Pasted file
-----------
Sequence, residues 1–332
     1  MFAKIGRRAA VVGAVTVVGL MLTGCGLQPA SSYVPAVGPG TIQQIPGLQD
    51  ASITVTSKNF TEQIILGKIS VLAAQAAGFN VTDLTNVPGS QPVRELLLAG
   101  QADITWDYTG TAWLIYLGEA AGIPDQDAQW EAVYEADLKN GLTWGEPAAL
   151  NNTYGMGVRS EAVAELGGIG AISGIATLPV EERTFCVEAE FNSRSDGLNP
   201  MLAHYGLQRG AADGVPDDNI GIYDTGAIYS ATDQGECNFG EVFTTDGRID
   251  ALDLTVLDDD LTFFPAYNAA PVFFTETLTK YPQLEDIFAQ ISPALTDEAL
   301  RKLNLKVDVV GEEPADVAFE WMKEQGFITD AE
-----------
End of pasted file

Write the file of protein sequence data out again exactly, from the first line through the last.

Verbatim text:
Sequence, residues 1–332
     1  MFAKIGRRAA VVGAVTVVGL MLTGCGLQPA SSYVPAVGPG TIQQIPGLQD
    51  ASITVTSKNF TEQIILGKIS VLAAQAAGFN VTDLTNVPGS QPVRELLLAG
   101  QADITWDYTG TAWLIYLGEA AGIPDQDAQW EAVYEADLKN GLTWGEPAAL
   151  NNTYGMGVRS EAVAELGGIG AISGIATLPV EERTFCVEAE FNSRSDGLNP
   201  MLAHYGLQRG AADGVPDDNI GIYDTGAIYS ATDQGECNFG EVFTTDGRID
   251  ALDLTVLDDD LTFFPAYNAA PVFFTETLTK YPQLEDIFAQ ISPALTDEAL
   301  RKLNLKVDVV GEEPADVAFE WMKEQGFITD AE